He then woke up Moulay Lalaoui-Kamal and Peter Yeung who were in the room.
The only thing he grabbed was his watch.
He didn't really know where he was or the layout of the building.
Yeung opened the door and black, thick smoke billowed into the room.
"The lights wouldn't work, it was just pitch black," Tempest said.
The wooden floors were incredibly hot. Tempest put his shirt over his nose and mouth.
When they got out of the room there was an intense heat on his right hand side.
There were others already in the hallway, almost a "traffic jam" of people.
"You are sort of fumbling or feeling or reaching out for other people to make sure you are going the right way," Tempest said.
"I remember holding on to Peter, the back of his shirt. So I wouldn't get lost and so I could hold on and follow him in the right direction.
"Crawling. Hands on knees as far down as you possibly can. As low as humanly possible.
Tempest then crawled in a straight line to the exit, about six to eight metres.
"The exit stairs, fire escape at the back," he said.
Tempest thought his other roommates were behind him.
"I remember seeing Vishal and Peter and remember saying where is the other guy from our room?
"It's something that stays with me, why did three of us get out and why didn't the fourth person?
"What did he do different? Did he go the wrong way when he got out of the room?
"Did he go back into the room?"
LONG was arrested after a five-day manhunt. He was convicted of the murders of Kelly and Stacey Clarke and sentenced to 20 years in jail.
What if he was staying in Room 6 or 7 where almost every person died? What if he didn't get out?
"As you well know, it was all or nothing," he said.
"You either got out or you didn't. There was only one person who had a burn on her arm but nothing else."
Tempest said the backpackers were almost itinerate for the next few days, going from debriefings, to meals. It was a blur.
As he sat outside the cultural centre one day he made a life-long friend.
"A lady came up to me and said 'how are you going?', with an obvious English accent," he said.
Tempest was from a town called Halifax in Yorkshire and the woman, Alyson, was from Heckmondwike, only about 20 minutes away.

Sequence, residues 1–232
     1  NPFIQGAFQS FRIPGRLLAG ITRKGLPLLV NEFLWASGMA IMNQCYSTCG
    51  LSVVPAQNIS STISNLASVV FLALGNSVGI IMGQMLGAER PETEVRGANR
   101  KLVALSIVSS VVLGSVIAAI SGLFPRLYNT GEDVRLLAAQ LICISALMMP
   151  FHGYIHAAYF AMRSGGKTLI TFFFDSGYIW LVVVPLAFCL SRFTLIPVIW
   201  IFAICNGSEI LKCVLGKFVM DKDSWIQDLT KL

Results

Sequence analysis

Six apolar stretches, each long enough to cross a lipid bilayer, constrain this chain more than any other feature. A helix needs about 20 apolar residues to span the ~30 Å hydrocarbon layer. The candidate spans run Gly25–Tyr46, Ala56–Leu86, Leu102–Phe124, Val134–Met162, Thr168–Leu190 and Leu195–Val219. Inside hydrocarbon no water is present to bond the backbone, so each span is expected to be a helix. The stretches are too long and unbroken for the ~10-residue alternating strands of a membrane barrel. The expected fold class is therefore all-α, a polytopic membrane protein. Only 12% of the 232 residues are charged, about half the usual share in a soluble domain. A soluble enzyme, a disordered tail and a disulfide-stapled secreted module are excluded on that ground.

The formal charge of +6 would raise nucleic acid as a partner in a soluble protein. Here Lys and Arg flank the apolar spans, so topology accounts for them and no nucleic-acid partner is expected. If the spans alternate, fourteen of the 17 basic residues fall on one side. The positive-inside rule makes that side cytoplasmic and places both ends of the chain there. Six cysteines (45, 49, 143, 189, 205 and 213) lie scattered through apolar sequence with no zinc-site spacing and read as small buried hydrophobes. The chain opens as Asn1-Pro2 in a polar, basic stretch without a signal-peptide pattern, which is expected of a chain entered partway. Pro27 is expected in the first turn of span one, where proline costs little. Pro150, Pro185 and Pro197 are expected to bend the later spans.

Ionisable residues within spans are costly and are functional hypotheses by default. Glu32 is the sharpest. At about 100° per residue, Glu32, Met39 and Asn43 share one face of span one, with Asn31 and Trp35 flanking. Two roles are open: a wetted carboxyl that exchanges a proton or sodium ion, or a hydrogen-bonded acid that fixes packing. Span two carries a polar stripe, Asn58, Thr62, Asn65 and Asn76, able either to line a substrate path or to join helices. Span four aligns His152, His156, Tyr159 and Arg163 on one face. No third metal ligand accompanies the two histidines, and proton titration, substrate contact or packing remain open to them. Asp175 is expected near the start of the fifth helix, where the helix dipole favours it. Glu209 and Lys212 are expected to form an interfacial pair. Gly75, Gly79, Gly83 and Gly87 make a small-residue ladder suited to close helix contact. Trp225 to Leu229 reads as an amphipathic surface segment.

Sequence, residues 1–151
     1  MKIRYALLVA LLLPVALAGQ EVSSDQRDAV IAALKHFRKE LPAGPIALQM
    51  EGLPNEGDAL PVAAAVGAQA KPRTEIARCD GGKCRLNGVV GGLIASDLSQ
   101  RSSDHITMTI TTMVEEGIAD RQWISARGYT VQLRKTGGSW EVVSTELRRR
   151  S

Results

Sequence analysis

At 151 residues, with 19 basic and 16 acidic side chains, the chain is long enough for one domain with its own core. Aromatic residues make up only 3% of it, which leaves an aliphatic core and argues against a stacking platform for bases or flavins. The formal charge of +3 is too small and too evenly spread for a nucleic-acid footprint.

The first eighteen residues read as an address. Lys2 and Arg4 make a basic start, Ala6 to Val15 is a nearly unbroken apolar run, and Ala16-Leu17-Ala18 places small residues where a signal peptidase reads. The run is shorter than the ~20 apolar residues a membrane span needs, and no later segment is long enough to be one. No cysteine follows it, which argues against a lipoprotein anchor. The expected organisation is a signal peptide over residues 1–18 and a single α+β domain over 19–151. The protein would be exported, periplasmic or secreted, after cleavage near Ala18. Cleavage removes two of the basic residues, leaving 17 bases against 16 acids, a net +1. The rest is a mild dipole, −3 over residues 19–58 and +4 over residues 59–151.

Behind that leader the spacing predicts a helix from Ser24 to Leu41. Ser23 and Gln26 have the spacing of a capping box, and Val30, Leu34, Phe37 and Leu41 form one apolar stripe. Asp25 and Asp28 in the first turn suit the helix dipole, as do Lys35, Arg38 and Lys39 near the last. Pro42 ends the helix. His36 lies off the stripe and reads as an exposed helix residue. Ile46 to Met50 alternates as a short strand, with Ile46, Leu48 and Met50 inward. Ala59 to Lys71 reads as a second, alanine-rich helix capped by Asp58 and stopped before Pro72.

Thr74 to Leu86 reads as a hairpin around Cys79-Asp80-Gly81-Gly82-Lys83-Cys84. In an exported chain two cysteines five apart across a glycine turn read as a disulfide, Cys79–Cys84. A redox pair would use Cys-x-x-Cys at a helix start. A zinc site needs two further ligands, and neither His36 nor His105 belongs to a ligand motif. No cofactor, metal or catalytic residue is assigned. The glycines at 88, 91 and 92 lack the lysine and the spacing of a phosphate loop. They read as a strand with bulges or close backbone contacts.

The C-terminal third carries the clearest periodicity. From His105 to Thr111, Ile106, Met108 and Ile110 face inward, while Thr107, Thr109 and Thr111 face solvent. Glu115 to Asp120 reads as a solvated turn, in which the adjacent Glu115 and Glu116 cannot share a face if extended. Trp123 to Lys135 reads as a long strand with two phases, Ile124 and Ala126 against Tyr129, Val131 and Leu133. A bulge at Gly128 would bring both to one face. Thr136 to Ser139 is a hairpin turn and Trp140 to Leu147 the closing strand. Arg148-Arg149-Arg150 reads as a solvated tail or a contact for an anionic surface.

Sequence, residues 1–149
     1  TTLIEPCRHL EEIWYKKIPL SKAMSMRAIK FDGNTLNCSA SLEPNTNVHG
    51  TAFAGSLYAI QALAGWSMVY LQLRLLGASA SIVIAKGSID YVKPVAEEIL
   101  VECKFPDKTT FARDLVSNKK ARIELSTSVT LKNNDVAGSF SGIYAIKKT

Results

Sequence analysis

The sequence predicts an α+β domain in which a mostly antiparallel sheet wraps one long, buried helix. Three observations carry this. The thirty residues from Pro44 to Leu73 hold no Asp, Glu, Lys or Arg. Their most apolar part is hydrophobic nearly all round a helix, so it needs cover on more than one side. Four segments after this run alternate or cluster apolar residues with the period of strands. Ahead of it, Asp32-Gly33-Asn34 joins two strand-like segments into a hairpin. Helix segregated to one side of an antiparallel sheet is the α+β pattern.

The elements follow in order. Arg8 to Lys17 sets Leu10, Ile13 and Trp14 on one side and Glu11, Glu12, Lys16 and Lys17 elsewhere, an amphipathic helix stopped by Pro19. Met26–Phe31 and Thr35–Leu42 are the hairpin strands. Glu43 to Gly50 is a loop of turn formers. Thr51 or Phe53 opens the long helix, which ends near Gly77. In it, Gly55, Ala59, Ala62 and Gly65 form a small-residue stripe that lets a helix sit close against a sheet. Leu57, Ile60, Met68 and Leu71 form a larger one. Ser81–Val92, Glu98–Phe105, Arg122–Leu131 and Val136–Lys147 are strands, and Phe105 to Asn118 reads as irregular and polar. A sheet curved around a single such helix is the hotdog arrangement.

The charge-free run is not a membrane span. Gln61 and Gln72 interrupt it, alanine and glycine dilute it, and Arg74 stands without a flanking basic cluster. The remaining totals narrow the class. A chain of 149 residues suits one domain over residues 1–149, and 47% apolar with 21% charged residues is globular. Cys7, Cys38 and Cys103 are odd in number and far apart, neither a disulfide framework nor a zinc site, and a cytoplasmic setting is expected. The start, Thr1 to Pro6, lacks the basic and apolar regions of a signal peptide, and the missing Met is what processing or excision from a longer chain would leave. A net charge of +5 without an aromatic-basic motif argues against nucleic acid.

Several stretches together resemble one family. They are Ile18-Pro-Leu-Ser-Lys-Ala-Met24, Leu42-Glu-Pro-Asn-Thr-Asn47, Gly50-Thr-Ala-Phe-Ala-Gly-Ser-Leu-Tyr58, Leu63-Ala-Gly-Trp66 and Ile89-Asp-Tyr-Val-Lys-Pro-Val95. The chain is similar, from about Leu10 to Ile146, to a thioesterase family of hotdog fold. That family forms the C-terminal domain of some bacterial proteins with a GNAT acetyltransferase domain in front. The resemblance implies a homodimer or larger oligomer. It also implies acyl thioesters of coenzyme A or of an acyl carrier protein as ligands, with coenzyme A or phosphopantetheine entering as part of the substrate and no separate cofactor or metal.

He ended up accepting her offer to stay at her Childers home.
"I speak to her every day. An unbelievable friend she is, an absolute rock for me."
Tempest doesn't think about Childers much. Unless there is a trigger. It could be a name or hearing about the town.
The father of two young boys who works in the security industry said people were surprised he now lives in Australia, given the traumatic night.
But there was a warm feeling about Australia.
"I certainly hand on heart wouldn't live anywhere else in the world," he said.
"You think 20 years ago who would have ever thought that I'd be living in Brisbane, 300km away from where ultimately someone tried to murder you?
"You think in 20 years we're all adults now, married, children and different career paths.
"It's all changed. All the locals used to call us 'the kids'."
ONE friend Jansen wishes he still had was Sebastian Westerveld. He didn't make it out.
Jansen was born and raised in Nijmegen, a town near the German border which is well known for the movie A Bridge Too Far.
Westerveld lived not far from him.
"There was a fair chance we played soccer against each other in the past, but we didn't know each other (until Childers)," Jansen said.
"We had the local team from Nijmegen which was really good and we talked about that. And that's what I left on a bench that became a shrine after the fire."
Jansen wrote a rhyme in Dutch.
"It said: 'Always sunshine and never more rain'.
"And that was a song that they sing in a stadium in Nijmegen."
Jansen remembers their last conversation. Westerveld offered him pancakes.
"But there's one thing in the world that I would never ever eat and that's pancakes," Jansen said.
"So I said, it's never gonna happen, my friend, you're gonna kill me if you give me a pancake.
"So we had a laugh about that and that's the last time I had seen him.
"I think I went into the street to get a burger and fries."
He also became close with Westerveld's family as did other Dutch survivors.
They wanted to hear about their son's last months alive.